The picture below shows the electrical panel in a single-family detached home that my wife and I are in the process of purchasing. The home inspector flagged an issue here with the neutral and ground wires being connected on the same bus bars (left and right), suggesting that neutrals and grounds should be separate and (electrically) insulated from each other.
The seller had his building engineer (not a certified electrician) look at it and claims that they cannot separate neutral and ground because the two bus bars are electrically connected through the back of the panel. (A bit difficult to see in the picture, I have not been able to verify myself yet.)
The house was built in 1988 and was inspected at that time. It is located in Maryland, USA. This is the only panel in the home, and it is in the unfinished part of the basement near where I see the service entering the home on the outside. As far as we know, there have not been any issues with the electrical since then.
What should we do? Is this a real safety concern? If you had to (and it is proper to) separate neutral and ground here, how would you do it?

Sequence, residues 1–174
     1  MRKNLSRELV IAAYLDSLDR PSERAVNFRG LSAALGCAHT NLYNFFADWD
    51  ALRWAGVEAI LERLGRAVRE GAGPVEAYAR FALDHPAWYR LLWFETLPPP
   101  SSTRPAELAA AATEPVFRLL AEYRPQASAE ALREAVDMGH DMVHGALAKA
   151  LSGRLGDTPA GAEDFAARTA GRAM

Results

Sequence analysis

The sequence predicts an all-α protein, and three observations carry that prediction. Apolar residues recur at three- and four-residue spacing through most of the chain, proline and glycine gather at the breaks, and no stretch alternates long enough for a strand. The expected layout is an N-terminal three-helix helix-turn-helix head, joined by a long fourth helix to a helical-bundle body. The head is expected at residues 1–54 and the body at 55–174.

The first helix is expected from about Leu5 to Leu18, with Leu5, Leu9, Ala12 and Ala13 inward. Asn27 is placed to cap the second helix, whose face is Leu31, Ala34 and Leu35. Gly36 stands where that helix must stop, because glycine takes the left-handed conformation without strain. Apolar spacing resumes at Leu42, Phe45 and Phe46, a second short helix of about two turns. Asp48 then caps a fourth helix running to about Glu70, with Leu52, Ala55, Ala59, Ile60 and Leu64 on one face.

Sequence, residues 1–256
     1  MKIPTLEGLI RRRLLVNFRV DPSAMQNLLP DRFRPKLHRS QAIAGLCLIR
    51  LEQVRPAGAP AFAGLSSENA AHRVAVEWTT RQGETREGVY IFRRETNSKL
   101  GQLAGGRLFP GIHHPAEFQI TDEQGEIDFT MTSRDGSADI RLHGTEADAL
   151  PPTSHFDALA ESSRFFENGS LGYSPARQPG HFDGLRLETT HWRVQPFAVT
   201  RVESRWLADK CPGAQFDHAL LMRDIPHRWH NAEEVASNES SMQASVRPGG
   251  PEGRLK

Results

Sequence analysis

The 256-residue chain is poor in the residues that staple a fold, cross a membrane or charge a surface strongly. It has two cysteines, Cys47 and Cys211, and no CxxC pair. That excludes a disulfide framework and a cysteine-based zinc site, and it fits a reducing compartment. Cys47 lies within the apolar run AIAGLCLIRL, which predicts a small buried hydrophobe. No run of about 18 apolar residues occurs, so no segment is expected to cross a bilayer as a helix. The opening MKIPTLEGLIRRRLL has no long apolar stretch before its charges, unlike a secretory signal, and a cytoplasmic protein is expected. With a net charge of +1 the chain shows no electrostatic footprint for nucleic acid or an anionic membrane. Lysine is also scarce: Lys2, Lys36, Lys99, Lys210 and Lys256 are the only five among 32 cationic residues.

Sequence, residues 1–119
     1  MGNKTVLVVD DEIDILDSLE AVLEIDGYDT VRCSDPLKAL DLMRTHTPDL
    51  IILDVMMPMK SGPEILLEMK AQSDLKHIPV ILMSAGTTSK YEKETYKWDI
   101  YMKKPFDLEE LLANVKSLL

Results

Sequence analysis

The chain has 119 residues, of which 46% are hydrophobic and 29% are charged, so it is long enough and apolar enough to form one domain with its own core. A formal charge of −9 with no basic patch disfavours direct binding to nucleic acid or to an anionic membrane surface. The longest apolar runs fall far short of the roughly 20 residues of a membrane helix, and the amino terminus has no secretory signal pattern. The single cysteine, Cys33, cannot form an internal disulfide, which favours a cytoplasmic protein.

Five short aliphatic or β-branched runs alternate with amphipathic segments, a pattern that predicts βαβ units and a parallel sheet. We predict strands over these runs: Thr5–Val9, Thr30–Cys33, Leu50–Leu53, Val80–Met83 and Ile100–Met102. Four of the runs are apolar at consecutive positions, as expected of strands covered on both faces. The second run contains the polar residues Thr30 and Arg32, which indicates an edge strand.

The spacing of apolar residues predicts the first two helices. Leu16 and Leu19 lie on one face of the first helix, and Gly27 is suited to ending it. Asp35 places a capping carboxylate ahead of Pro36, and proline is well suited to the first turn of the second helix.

I have done some research on my own, but I am not an electrician. I see most advice is that it's always a good idea to separate neutral and ground except where they connect at the "main service panel". I'm not sure if this is the main service panel or not. I've read some other advice that some systems are designed to have neutral and ground electrically connected like this and it would be a bad idea to separate them in that case. Any help is much appreciated!
May be related to these other questions:
I was able to get into the house today and get a lot more pictures. This appears to be the main panel: I do not see any other breakers/switches between here and where the service enters the house. There also appears to be a screw bonding the neutral bus bar to the encasement (just to the right of the bus bar on the left). I gather that this satisfies the two conditions specified in Retired Master Electrician's answer below. Here are more detailed pictures of the panel: